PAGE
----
Calling authors earning less than £6205 a year: how will National Insurance changes affect you?

16 April 2018 Calling

Writers, illustrators and translators earning less than £6205 per year can currently make voluntary payments of £2.95 a week towards the state pension and other contributory benefits, in the form of Class 2 National Insurance Contributions (NICs).

What is changing?

The Government plans to abolish Class 2 NICs from April 2019. Self-employed workers earning below £6205 will still be able to make voluntary contributions towards their state pension – but only in the form of Class 3 NICs, which are £14.65 a week.

This adds up to £761.80 per year, a fivefold increase on the Class 2 annual contribution of £153.40. If you earn below £6,205, this will mean a minimum contribution of 12.3% of your income.

Will this affect you?

The Government claims that relatively few people will end up making this payment, as they will gain qualifying years for contributory benefits through other means, such as through additional employment or benefits. However, the Government’s own analysis suggests that 100,000 self-employed workers earning less than £6205 a year will end up making these payments of £14.65 a week (2% of a workforce of 5 million).

We are concerned that this change will disproportionately affect authors and other creators who are already struggling financially. Many have an author income below £6205, and some have no other sources of income.

The Society of Authors met with HMRC last week, and we said that we would submit further evidence of the impact these proposed changes would have on our members. If you are below state pension age and earn below £6205 per annum from your writing, and if you have no other sources of income, please get in touch with us to explain how you will be affected.

  • What are your views on the Government’s plans?
  • How will you budget for this higher amount?
  • Will you bite the bullet and pay the extra, or will this voluntary contribution represent a ‘luxury’ expense you can no longer afford?


You can post in the Comments section below or email us at by Monday 23 April. We will of course keep all examples anonymous in any correspondence with the Government.  




Bronwen Griffiths 25/04/2018 10:18:35
" I used to work part-time but now only work as a writer - earning a pittance! I am also one of those women who will have to wait an extra six years for her pension - something I did not budget for as I didn't know it was going to happen until very late in the day. And now this. It probably won't affect me too much personally as I've paid in just about enough N.I. but it's a huge hike for those on low incomes. Why is it that those of us on low incomes always seem to suffer the most? The rich gets richer, the poor get poorer. And that is borne out by statistics. The gap between higher and lower earners is increasing. It's rotten and awful."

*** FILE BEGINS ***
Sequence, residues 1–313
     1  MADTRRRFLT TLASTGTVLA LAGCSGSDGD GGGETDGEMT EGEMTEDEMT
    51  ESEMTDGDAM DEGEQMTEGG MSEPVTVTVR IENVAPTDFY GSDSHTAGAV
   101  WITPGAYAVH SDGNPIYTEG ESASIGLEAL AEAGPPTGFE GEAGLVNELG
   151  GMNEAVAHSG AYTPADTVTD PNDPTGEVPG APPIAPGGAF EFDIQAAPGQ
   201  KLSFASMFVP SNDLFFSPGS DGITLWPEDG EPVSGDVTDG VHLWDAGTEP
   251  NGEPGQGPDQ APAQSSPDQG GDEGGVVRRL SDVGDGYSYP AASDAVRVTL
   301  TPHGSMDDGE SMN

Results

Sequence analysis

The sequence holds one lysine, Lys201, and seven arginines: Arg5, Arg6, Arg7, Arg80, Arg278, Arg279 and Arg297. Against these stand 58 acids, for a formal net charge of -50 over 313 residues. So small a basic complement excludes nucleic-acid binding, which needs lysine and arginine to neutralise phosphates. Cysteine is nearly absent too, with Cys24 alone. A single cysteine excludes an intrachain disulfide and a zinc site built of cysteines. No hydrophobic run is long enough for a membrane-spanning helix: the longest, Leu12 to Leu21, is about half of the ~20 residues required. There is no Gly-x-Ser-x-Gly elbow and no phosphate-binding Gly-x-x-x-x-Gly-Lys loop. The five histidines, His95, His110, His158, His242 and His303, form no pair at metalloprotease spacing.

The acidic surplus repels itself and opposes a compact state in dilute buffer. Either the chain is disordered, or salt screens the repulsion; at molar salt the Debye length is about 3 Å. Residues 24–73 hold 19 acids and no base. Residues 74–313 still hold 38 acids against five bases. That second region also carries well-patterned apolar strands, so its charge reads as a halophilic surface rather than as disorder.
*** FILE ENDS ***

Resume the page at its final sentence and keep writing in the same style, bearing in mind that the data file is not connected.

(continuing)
Debbie White 24/04/2018 12:18:43
" I am one of the women who has had their pension age deferred... so such a steep increase in NICS as well is totally unacceptable. And don't mention the stress of online accounting...
Will this government listen? Not unless we make a really loud noise about it and some influential MP's and newspapers take up our cause (see the Windrush case).
There must be some Society of Authors members who have clout! Let's get them mobilised."
Helena Drysdale 23/04/2018 07:28:29
" I am appalled by the prospect of a 500% hike in a tax on the lowest paid. It seems absurd that Amazon, who sells our books, should be untaxed, while we who write them are driven into the ground."
Peter Barratt 22/04/2018 21:42:18
" I read your email about the abolition of Class 2 National Insurance Contributions at £2.95 per week and the substitution of Class 3 voluntary Contributions but at the rate of £14.65 per week on low earning authors, with more than a little concern and indeed some bewilderment.
The change will clearly cause difficulty and possibly even financial hardship for many authors. Indeed, I find the move somewhat puzzling. Napoleon Bonaparte called this country, "A nation of shopkeepers"; a badge I believe we can wear with pride. Small businesses have been the backbone upon which, over the centuries, we have built one of the greatest economies in the world. Authors sow the seeds which our creative industries can grow to make a valuable contribution to the national economy, through taxes from books themselves, television rights, film rights and related merchandise, some of which may even prove to have an international appeal. I believe it would be a serious mistake to snuff out blossoming creative talent, that could prove to be the acorns from which great oaks grow."
Jane O'Reilly 21/04/2018 20:40:52
" I am on a low income and have been for a number of years as a chronic illness has meant that self-employment has been my only option. I have paid Class 2 NICS in order to ensure that I would at least have a state pension. Paying close to £800 instead of £150 would leave me unable to afford things essential to my job, such as SoA membership, travel to conferences, a replacement laptop should mine break. I don't even come close to earning minimum wage as it is. I can only assume that this increase in NICs is a deliberate move on the part of the government to try and make it impossible for low earners to pay so that they will not have to pay our pensions later on. It also means that women of childbearing age on a low income will be denied access to maternity pay if they cannot afford the class 3 NICS. The fact that this policy will particularly impact low earning women is something that I find absolutely appalling. You've already cut our child benefit and decreased the availability of free school meals. You've cut funding for women's refuges and rape crisis centres, and now you also want to limit our access to pensions. Shame on you, Theresa May."